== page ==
‘We offer our solidarity to all those Kurdish women struggling for peace in the difficult prevailing situation, and are deeply concerned at the news of the arrest of Gültan Kışanak.  As a woman who broke new ground in her political life, we stand by her as women fighting for justice,’ said Elisabeth Nordgren, Chair of PEN’s Women Writers’ Committee.

If she is held for no other reason than for her legitimate freedom of expression or for her peaceful activities as mayor, she should be released immediately and unconditionally. At the very least she should be afforded a fair trial. We also call for the reopening of the JİNHA news agency – staffed exclusively by women and focussing on women’s issues.

At its 82nd International Congress, held between 29 September and 2 October 2016 in Ourense, Galicia (Spain), PEN International adopted two resolutions on the situation of freedom of expression in Turkey and on the conflict in the Kurdish-populated region in Turkey.

‘The crackdown on Kurdish language media outlets is part of a general attack on the Kurdish culture and language that we all must repeal. Discrimination against any culture and the marginalisation of its people, language, and heritage must never be tolerated.  PEN’s long-term relationship with and celebration of Kurdish culture – a culture that enriches Turkey, its neighbouring countries and the whole world – makes this attack all the more unacceptable,’ said Jennifer Clement, PEN International president.

The organisation continues to call for a peaceful solution to the conflict, for freedom of expression, human rights and the rule of law during the state of emergency to be upheld in line with Turkey’s international obligations, for an end to arbitrary arrests and detention and for reform of the problematic Anti-Terror Law.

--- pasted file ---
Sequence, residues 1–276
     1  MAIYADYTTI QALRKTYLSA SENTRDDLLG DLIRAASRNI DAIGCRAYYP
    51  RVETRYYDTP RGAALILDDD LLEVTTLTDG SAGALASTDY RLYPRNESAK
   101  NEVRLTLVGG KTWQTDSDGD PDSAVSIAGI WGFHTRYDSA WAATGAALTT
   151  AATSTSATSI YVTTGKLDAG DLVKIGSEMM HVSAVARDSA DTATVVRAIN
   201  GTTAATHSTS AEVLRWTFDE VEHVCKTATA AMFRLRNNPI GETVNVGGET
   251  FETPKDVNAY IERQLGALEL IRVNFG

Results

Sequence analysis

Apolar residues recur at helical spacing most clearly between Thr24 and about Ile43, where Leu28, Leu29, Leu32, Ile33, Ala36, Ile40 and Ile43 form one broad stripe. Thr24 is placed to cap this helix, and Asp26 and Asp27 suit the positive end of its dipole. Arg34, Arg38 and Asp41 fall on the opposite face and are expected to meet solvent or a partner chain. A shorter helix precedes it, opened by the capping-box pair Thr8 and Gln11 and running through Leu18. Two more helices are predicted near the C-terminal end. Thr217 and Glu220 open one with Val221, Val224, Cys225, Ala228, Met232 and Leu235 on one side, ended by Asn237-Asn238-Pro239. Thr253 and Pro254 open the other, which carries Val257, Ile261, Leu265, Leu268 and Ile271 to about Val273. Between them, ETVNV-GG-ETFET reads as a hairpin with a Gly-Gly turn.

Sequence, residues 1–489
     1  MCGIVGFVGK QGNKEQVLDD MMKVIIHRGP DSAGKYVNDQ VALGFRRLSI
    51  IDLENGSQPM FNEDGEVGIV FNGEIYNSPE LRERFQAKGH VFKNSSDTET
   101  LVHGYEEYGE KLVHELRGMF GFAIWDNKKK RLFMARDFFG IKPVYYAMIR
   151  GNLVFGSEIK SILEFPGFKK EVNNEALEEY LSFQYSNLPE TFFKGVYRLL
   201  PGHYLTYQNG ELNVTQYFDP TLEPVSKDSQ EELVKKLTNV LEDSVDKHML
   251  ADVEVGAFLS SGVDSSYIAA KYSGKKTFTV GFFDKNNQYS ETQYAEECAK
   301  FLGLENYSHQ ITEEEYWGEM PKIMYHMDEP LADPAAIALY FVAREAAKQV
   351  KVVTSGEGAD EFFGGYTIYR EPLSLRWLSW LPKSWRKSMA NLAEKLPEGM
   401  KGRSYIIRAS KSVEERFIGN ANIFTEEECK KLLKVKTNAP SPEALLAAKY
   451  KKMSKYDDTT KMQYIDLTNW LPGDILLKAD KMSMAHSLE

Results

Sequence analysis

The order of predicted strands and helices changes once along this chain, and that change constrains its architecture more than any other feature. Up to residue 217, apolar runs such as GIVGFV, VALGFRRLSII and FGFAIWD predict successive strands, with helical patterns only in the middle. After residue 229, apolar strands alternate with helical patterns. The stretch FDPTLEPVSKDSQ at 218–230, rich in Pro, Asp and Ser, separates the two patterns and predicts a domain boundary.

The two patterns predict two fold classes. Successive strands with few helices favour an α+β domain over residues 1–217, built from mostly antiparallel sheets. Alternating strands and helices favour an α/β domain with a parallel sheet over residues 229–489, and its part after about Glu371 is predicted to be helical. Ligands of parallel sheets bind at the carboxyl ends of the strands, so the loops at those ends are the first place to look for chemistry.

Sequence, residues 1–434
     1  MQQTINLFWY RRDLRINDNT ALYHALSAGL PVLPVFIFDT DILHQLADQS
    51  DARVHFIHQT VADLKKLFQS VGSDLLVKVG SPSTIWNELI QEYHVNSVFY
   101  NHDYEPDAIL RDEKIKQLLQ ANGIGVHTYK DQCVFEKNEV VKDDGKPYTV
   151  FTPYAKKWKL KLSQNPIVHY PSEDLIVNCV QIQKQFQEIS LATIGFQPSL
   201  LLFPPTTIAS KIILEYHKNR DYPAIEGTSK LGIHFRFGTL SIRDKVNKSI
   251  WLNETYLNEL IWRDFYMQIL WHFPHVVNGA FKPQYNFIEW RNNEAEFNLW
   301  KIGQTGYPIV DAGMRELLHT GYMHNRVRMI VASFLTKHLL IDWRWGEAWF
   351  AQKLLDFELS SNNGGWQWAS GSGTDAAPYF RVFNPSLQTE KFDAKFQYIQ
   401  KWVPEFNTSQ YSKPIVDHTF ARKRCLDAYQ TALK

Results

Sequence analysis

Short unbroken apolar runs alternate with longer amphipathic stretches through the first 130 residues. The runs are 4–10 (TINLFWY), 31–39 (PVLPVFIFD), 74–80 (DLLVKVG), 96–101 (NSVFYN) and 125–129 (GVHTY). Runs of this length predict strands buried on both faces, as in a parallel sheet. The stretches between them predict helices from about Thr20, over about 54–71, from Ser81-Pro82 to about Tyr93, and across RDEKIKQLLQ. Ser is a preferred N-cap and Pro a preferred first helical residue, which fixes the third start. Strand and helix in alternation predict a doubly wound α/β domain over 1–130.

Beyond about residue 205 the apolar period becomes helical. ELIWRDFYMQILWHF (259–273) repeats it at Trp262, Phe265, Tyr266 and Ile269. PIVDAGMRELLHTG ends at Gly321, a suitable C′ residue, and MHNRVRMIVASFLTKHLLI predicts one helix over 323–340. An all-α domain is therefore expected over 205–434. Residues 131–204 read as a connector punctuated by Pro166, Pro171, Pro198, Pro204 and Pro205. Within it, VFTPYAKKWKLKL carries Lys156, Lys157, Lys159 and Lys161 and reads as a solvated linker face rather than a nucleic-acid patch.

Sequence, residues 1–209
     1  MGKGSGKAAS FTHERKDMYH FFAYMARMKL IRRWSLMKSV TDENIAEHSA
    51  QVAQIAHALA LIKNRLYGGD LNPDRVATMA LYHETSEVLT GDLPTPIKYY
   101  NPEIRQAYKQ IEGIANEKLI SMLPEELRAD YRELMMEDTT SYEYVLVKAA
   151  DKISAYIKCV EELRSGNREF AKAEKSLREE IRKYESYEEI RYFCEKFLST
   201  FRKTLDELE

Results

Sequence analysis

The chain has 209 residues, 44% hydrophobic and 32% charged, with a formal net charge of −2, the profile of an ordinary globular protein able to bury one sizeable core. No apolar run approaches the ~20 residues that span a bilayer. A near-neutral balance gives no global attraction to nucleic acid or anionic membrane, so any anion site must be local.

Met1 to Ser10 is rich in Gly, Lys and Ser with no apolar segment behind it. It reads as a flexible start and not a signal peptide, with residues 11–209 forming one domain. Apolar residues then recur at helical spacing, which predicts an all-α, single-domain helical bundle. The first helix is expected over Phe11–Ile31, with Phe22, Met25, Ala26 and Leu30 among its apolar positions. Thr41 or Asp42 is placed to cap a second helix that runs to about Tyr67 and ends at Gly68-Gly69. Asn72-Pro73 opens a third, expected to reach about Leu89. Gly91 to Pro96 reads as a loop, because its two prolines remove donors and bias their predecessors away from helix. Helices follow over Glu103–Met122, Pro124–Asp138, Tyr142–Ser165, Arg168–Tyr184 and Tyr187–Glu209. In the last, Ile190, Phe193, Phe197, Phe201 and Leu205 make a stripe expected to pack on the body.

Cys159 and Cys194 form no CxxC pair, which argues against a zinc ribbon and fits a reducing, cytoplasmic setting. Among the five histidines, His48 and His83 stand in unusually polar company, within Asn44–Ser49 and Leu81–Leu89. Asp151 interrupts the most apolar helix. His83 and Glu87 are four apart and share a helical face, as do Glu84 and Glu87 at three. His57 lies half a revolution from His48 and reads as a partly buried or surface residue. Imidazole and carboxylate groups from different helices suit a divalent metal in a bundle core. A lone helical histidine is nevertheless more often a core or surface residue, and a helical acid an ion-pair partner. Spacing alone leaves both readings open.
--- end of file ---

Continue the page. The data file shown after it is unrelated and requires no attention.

It also calls for all elected Kurdish mayors and administrators currently detained and imprisoned who are held solely on account of their peaceful political activities to be released immediately and unconditionally and for an end to the appointment of individuals selected by government in Kurdish cities and towns in place of the democratically elected post holders.

PEN is also continuing to call on the international community to support the call for peace in Turkey; to take all possible measures, including through international and regional institutions such as the United Nations and European Union to solve the dire situation in Turkey that is causing human tragedy in the region and beyond; and to provide humanitarian assistance to civilians affected by the conflict, including through artistic and cultural programmes which can help with the processing of trauma and re-establish a shared understanding of our common humanity.

Related: